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NEVIRAPINE MYLAN 200 MG TABLETS

Active substance(s): NEVIRAPINE ANHYDROUS

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Package leaflet: Information for the patient

Nevirapine
200 mg Tablets
Read all of this leaflet carefully before you start
taking this medicine because it contains important
information for you.
• Keep this leaflet. You may need to read it again.
• If you have any further questions, ask your doctor
or pharmacist.
• This medicine has been prescribed for you only.
Do not pass it on to others. It may harm them,
even if their signs of illness are the same as yours.
• If you get any side effects, talk to your doctor or
pharmacist. This includes any possible side effects
not listed in this leaflet. See section 4.

What is in this leaflet
1.
2.
3.
4.
5.
6.

What Nevirapine is and what it is used for
What you need to know before you take Nevirapine
How to take Nevirapine
Possible side effects
How to store Nevirapine
Contents of the pack and other information

1. What Nevirapine is and what it is used for
Nevirapine belongs to a group of medicines called
antiretrovirals, used in the treatment of Human
Immunodeficiency Virus (HIV-1) infection.
The active ingredient of your medicine is called nevirapine.
Nevirapine belongs to a class of anti-HIV medicines called
non-nucleoside reverse transcriptase inhibitors (NNRTIs).
Reverse transcriptase is an enzyme that HIV needs in
order to multiply. Nevirapine stops reverse transcriptase
from working. By stopping reverse transcriptase from
working, Nevirapine helps control HIV-1 infection.
Nevirapine is used for the treatment of HIV-1 infected
adults, adolescents and children of any age. You must take
Nevirapine together with other antiretroviral medicines.
Your doctor will recommend the best medicines for you.

• treatment-naïve patients with higher CD4 cell counts
at the start of nevirapine therapy (women more than
250 cells/mm³, men more than 400 cells/mm³)
• pre-treated patients with detectable HIV-1 plasma
viral load and higher CD4 cell counts at the start of
nevirapine therapy (women more than 250 cells/mm³,
men more than 400 cells/mm³).
In some patients with advanced HIV infection (AIDS)
and a history of opportunistic infection (AIDS defining
illness), signs and symptoms of inflammation from
previous infections may occur soon after anti-HIV
treatment is started. It is believed that these symptoms
are due to an improvement in the body’s immune
response, enabling the body to fight infections that may
have been present with no obvious symptoms. If you
notice any symptoms of infection, please inform your
doctor immediately.
In addition to the opportunistic infections, autoimmune
disorders (a condition that occurs when the immune
system attacks healthy body tissue) may also occur
after you start taking medicines for the treatment of
your HIV infection. Autoimmune disorders may occur
many months after the start of treatment. If you notice
any symptoms of infection or other symptoms such as
muscle weakness, weakness beginning in the hands
and feet and moving up towards the trunk of the body,
palpitations, tremor or hyperactivity, please inform your
doctor immediately to seek necessary treatment.
Changes of body fat may occur in patients receiving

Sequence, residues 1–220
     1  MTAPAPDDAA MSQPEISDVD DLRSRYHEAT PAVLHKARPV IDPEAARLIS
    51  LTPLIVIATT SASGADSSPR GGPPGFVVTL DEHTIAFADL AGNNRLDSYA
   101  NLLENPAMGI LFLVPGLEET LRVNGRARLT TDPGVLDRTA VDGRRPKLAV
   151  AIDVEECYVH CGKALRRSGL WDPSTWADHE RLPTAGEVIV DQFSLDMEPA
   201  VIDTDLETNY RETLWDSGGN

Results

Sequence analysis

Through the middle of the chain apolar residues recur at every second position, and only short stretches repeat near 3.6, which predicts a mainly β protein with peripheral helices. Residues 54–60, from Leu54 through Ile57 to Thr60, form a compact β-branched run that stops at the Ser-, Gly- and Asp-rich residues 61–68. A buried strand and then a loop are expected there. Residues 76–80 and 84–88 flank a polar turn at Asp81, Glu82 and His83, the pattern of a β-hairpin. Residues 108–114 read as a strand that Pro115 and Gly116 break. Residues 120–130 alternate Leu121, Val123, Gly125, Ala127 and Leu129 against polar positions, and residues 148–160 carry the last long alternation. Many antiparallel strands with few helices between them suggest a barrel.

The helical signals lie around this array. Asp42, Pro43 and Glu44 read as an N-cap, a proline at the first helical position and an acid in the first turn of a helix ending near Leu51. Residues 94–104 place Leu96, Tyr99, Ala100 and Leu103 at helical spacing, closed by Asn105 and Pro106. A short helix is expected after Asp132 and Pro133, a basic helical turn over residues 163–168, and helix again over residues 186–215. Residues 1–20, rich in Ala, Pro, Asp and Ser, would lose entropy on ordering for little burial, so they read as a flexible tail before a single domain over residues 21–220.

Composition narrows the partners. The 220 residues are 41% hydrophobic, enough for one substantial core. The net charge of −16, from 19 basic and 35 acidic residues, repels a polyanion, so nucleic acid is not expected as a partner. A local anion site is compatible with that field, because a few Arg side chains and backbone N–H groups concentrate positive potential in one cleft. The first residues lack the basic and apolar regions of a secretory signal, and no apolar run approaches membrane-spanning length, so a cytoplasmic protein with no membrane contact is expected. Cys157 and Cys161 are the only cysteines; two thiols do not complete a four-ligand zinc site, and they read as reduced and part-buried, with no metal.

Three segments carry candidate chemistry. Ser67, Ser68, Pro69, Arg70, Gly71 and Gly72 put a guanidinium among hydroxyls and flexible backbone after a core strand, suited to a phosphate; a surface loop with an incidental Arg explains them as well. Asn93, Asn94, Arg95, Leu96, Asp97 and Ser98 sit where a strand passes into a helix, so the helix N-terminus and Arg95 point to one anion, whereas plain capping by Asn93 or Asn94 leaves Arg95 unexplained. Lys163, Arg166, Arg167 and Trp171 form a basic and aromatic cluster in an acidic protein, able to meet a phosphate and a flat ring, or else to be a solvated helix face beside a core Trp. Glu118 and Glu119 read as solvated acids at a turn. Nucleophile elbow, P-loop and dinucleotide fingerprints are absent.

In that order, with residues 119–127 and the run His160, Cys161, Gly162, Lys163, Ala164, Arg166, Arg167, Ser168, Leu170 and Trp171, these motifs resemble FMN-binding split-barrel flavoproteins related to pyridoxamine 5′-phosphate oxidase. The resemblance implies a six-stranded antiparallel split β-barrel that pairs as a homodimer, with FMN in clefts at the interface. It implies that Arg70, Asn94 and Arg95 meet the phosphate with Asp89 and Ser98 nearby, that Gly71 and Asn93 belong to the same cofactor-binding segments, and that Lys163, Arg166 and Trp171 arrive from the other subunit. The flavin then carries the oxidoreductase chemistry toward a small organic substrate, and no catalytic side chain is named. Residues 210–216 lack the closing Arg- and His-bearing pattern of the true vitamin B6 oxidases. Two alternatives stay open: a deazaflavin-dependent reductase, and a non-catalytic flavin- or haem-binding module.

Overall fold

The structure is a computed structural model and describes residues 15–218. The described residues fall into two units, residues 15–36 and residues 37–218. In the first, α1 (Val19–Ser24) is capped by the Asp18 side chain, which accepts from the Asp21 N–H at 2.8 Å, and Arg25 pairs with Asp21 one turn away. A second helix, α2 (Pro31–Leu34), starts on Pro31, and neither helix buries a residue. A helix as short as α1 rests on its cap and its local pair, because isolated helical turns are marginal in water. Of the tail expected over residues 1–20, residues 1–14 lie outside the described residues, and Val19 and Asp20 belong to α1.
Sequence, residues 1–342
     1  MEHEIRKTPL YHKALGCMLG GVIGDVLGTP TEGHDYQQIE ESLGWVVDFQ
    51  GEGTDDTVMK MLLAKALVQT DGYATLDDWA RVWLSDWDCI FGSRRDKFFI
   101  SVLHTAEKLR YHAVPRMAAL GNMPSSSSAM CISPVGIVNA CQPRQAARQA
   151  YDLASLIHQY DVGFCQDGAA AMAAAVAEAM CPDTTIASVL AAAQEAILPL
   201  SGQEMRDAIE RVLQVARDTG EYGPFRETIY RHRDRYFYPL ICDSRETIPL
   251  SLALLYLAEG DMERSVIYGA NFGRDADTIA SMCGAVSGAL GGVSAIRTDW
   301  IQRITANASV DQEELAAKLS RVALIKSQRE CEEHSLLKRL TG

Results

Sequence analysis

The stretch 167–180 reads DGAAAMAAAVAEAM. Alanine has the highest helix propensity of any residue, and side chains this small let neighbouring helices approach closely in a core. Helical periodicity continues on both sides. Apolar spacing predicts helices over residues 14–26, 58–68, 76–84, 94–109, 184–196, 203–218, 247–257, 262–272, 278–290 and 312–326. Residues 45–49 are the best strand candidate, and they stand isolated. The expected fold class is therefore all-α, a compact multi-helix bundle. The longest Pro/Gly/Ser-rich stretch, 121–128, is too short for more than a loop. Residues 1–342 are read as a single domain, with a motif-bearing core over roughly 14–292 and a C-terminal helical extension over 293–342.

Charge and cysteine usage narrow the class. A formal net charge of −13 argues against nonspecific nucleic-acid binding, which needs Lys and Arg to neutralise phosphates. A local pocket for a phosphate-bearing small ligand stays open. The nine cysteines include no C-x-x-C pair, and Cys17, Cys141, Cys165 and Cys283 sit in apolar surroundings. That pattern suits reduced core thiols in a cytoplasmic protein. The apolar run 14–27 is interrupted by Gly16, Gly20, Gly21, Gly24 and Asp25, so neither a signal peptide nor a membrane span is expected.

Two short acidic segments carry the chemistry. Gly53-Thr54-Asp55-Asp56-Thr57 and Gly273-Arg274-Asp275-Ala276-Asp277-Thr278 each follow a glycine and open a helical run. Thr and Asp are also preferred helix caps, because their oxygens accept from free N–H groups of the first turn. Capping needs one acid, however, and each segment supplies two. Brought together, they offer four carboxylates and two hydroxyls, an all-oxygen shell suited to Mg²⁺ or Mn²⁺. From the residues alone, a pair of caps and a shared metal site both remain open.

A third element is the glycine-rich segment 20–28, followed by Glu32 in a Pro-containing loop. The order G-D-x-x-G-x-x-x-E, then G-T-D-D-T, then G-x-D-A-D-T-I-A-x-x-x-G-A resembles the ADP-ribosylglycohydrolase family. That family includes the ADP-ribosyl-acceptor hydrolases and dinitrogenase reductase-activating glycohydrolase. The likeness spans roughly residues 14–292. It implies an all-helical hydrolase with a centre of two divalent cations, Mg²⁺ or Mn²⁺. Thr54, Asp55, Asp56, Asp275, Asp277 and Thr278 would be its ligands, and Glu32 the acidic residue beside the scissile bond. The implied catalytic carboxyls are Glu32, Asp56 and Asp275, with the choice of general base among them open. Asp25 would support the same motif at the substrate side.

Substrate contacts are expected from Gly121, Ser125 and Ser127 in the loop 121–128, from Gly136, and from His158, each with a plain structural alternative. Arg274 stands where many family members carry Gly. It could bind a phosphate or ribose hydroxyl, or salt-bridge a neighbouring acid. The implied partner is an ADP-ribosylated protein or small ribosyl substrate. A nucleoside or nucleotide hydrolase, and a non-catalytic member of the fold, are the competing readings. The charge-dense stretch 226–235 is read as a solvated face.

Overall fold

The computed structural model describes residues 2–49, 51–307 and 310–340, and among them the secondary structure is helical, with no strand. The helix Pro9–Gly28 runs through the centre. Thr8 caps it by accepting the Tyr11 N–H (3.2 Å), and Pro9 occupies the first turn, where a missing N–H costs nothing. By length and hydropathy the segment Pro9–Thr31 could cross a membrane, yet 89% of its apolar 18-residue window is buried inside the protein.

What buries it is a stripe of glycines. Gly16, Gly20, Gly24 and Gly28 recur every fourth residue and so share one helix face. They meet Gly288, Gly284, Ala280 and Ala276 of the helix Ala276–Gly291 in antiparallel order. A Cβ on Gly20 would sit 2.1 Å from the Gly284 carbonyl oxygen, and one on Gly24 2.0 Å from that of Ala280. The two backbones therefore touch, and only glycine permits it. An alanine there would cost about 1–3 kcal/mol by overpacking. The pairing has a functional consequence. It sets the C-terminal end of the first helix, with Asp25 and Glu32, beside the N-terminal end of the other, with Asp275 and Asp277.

combination antiretroviral therapy. Contact your doctor
if you notice changes in body fat (see section 4 “Possible
side effects”).
Some patients taking combination antiretroviral
therapy may develop a bone disease called
osteonecrosis (death of bone tissue caused by loss of
blood supply to the bone). The length of combination
antiretroviral therapy, corticosteroid use, alcohol
consumption, severe weakness of the immune system
and higher body mass index may be some of the
many risk factors for developing this disease. Signs
of osteonecrosis are joint stiffness, aches and pains
(especially of the hip, knee and shoulder) and difficulty
in movement. If you notice any of these symptoms
please inform your doctor.

If Nevirapine has been prescribed for your child,
please note that all information in this leaflet is
addressed to your child (in this case please read “your
child” instead of “you”).

If you are taking nevirapine and zidovudine together
please inform your doctor since he might need to check
your white blood cells.

2. What you need to know before you
take Nevirapine

Do not take nevirapine after an exposure to HIV unless
you have been diagnosed with HIV and told to do so by
your doctor.

Do not take Nevirapine:

• 
if you are allergic to nevirapine or any of the other
ingredients of this medicine (listed in section 6)
• 
if you have taken nevirapine before and had to stop
the treatment because you suffered from:
• severe skin rash
• skin rash with other symptoms for example:
* fever
* blistering
* mouth sores
* inflammation of the eye
* swelling of the face
* general swelling
* shortness of breath
* muscle or joint pain
* general feelings of illness
* abdominal pain
• hypersensitivity (allergic) reactions
• inflammation of the liver (hepatitis)
• 
if you have severe liver disease
• 
if you have had to stop nevirapine treatment in the
past because of changes in your liver function.
• 
if you are taking a medicine containing the herbal
substance St John’s Wort (Hypericum perforatum).
This herbal substance may stop Nevirapine from
working properly.

Warnings and precautions
Talk to your doctor or pharmacist before taking
Nevirapine.

Nevirapine is not a cure for HIV infection. Therefore, you
may continue to develop infections and other illnesses
associated with HIV infection. You should therefore
remain in regular contact with your doctor. You can still
pass on HIV when taking this medicine, although the
risk is lowered by effective antiretroviral therapy. Talk to
your doctor the precautions needed to prevent passing
on HIV to other people.
Prednisone should not be used to treat a rash related
to nevirapine.
If you are taking oral contraceptives (e.g. “pill”) or other
hormonal methods of birth control during treatment
with nevirapine, you should use a barrier contraception
(e.g. condoms) in addition to prevent pregnancy and
further HIV transmission.
If you are receiving post-menopausal hormone therapy,
ask your doctor for advice before taking this medicine.
If you are taking or are prescribed rifampicin to treat